What is the enduring truism attached to top-level tennis matches? It is that these boxing matches without the blood come down to a few points, and that the better player will win that handful of points (or that the inferior player will lose them). Yet, as the 2012 Australian Open recedes into history and Novak Djokovic undeniably cements his place in the top echelon of all-time tennis greats - alongside Rafael Nadal and Roger Federer - one can't help but marvel at the larger reality of the three men's careers and how they're more alike than ever before. The growing similarities uniting these three kings of a golden era in men's tennis lead to a discussion that is at once definable and elusive. Winning or losing two points here or one point there does so much to rewrite the history books, and with them, the way whole careers are perceived. Yet, as Rafael Nadal's five-hour, 53-minute loss to Novak Djokovic in the Australian Open final shows, the notion of assigning such weight and glory to the winner while giving bread crumbs to the loser is one of the ways in which modern sporting culture (not just tennis, but encompassing all sports under the sun) falls short.
Yes, many writers have given Nadal's loss the praise it deserves. Brian Phillips of Grantland gives expression to these ideas with more clarity and directness than anyone else has in the aftermath of Sunday's (genuine) epic. When he notes that Nadal's runner-up finish in Melbourne is worth more than a major title won in pedestrian fashion, he sees beyond the closed and contained math that is governed by "that handful of points" and the numbers that flow from them.
Numbers, after all, lie on some occasions. Hence the expression "There are lies, damn lies, and statistics." When numbers don't lie, they still fail to tell the whole story as often as they reflect truth. This is where a comparison of the careers of Nadal, Djokovic and Federer becomes infinitely more fascinating and complex.
What Sunday's Nadal-Djokovic final did was flip some historical scripts in ways that have brought Djokovic into the highest circles of tennis greatness, but which have also made Nadal the co-owner - with Federer - of the kind of loss which endures not for its failures, but for its most gallant and uplifting dimensions. Moreover, Sunday's "loss" (it was frankly a triumph for Nadal in every sense but the scoreboard) neatly underscores the painful and viciously cruel truth of tennis: Two, three, four points - that nasty little handful - carry a weight that would make Atlas take notice.
The Djokovic-Nadal final at Rod Laver Arena has naturally given rise to comparisons with Nadal's win over Federer three years prior in Melbourne. It's plainly obvious that Djokovic's 10 sets of tennis in 10 hours and 43 minutes offered a 2012 equivalent to Nadal's 10 sets in 9 hours and 37 minutes when he beat Fernando Verdasco (semifinals) and Federer (final) to win the 2009 Australian Open. However, the nature of Nadal's loss is worth exploring in greater detail. This match bore a very strong resemblance - not in style of play or the exact order of sets won, but in terms of the larger narrative arc - to the 2008 Wimbledon final, in which Nadal beat Federer in a titanic fifth set that was played on the razor's edge until the very end.
Do recall that the 2008 Wimbledon final - in the middle of the third set - was fully controlled by Nadal. Remember that in the fourth set, Federer was doing all he could to stay in the arena and prolong the battle. In the fourth set, Nadal had the clear advantage, only to surrender it with a nervous mistake. In the fifth set, Federer - though never able to break Nadal (a clear difference from the 2012 Aussie final) - was the first man to sniff victory (with Nadal serving at 4-5, 30-all) before Nadal found a way to turn the tide. In looking at Nadal-Djokovic, one can see how the roles were reversed. Djokovic was the ascendant player in the middle of the third set. Nadal hung on by his fingernails in the fourth. Djokovic owned the flow of the fourth-set tiebreaker but then sprayed a few shocking errors when the finish line beckoned. Nadal had his path to victory at 4-2, 30-15, but then lost it on that one down-the-line miss which gave his opponent the motivational fuel needed for one last finishing kick.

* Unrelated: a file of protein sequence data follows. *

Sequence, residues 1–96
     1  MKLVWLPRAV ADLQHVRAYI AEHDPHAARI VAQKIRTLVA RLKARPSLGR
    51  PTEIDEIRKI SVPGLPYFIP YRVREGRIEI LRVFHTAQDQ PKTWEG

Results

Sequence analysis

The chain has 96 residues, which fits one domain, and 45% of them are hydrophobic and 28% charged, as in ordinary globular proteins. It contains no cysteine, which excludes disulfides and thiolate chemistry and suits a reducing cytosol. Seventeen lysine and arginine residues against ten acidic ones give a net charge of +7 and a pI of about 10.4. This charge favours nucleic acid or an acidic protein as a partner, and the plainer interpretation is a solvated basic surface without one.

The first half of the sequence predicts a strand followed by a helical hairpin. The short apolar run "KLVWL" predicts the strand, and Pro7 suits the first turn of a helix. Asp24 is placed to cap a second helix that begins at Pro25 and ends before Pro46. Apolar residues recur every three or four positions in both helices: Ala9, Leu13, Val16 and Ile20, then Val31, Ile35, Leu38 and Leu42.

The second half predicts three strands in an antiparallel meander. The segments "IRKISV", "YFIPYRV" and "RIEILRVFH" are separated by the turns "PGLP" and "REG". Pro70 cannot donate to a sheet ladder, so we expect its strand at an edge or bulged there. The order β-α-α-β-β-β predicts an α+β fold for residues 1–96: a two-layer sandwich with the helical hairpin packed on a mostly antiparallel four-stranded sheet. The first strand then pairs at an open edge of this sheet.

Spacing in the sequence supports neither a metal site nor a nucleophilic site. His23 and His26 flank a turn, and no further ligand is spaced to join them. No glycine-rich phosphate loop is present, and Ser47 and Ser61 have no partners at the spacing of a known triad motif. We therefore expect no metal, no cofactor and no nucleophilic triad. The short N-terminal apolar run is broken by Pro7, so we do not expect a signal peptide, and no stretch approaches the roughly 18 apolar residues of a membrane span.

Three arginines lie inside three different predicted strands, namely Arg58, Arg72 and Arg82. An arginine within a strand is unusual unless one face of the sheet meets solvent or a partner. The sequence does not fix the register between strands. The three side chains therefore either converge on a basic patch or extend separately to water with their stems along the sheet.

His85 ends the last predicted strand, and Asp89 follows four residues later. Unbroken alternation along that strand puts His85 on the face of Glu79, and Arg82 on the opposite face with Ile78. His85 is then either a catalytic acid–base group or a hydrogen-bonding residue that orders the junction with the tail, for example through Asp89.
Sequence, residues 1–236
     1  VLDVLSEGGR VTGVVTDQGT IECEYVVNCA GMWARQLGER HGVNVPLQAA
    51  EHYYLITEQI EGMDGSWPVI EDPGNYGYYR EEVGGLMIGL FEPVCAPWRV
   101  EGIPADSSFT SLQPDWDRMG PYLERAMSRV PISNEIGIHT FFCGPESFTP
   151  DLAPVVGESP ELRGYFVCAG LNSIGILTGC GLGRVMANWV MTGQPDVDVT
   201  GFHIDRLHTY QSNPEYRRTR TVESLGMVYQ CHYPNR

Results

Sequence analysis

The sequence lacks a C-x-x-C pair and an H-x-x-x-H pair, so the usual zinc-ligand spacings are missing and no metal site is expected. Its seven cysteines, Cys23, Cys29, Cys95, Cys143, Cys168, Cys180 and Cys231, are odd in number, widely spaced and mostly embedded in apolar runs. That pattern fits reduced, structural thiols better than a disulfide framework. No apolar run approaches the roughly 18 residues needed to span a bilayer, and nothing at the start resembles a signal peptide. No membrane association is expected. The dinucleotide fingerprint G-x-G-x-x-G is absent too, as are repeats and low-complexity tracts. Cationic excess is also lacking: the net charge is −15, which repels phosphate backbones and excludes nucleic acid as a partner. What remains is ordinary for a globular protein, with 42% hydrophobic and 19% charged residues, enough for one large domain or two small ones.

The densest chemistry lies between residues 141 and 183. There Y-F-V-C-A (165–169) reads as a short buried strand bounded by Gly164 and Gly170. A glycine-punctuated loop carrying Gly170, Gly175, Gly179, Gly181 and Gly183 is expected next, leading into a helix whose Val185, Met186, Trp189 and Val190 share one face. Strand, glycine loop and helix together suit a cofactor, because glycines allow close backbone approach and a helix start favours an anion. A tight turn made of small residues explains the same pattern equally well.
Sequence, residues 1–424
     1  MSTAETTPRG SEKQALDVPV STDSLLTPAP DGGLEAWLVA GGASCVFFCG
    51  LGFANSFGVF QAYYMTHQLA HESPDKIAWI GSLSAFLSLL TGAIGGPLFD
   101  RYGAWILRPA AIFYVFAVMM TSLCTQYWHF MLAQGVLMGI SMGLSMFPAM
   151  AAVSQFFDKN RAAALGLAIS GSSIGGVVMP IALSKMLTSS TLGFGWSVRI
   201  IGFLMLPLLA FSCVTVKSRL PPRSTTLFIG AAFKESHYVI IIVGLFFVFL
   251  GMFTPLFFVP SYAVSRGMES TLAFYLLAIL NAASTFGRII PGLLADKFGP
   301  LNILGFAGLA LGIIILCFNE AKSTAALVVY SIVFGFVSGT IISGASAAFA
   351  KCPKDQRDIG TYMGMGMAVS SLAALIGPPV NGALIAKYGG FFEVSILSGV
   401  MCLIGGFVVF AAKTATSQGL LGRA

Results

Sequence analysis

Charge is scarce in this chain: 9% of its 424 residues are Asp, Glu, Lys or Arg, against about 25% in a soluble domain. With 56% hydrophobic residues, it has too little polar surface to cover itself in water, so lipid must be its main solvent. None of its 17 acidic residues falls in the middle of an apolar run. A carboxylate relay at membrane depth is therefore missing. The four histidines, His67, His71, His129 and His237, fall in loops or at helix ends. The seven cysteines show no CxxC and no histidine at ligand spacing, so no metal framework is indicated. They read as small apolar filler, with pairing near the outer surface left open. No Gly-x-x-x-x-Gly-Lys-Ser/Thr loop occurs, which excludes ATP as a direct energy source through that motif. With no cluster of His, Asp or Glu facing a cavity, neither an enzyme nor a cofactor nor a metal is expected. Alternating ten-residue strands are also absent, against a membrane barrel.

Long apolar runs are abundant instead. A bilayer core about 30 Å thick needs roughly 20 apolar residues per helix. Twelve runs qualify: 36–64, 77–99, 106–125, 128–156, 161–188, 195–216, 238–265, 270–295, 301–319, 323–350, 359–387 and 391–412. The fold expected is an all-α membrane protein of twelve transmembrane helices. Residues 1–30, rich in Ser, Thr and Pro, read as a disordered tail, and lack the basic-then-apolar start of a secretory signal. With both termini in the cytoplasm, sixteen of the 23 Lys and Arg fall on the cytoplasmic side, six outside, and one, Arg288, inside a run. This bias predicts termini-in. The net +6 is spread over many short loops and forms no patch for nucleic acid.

Let's be clear, then: The comparison between Nadal's loss two days ago in Melbourne and Federer's loss to Rafa three and a half years ago at Wimbledon is not just a matter of losing a long, close match in five sets. It's more than that. Nadal fought an uphill battle against an opponent who enjoyed a defined tactical/matchup advantage and the mental comfort zone which comes with it. He persevered to an extent that he had never quite persevered before (he ran out of steam in the fourth set of the 2011 U.S. Open final in what was a remarkably physical fistfight with Djokovic, a match that taxed both men for the remainder of the 2011 tennis season). Yet, he still lost in spite of his massive expenditure of effort. THAT is the key takeaway from the Nadal loss this past Sunday, and from Federer's loss to Rafa in 2008 on the lawns of the All-England Club: They went above and beyond relative to the trajectory of their careers, which had been so regularly transcendent to that point in time, accessing new wells of competitive determination and passion... and still not gaining the victor's crown on that handful of points.
Perhaps the tennis world appreciates this point already, but I'm not sure it does: You can reach higher, dig deeper, and find more fire inside your heart than you ever knew you had; you can pour out your soul in ways you never thought you could... and still come up short. There's no way to measure that with "Federer leads Nadal, 16 major titles to 10, or Nadal leads Djokovic 10 majors to 5." Numbers are at once the defining measure of historical greatness - the man who has closed the sale 16 times at majors is supposed to be seen in a better light than anyone else; why shouldn't it be so? - and yet a substantially empty way of measuring the entirety of men and the careers they forge. Seeing Djokovic - who entered Sunday's match with six fewer majors than Nadal - eclipse his rival three days after Nadal beat Federer (who has six more majors than the Spaniard) shows that there are limits to the notion of measuring greatness only in terms of wins. It is in many ways the losses that magnify greatness on an all-time scale, and there are ways of doing this for Nadal, Federer and Djokovic as their careers can be seen in a fuller light.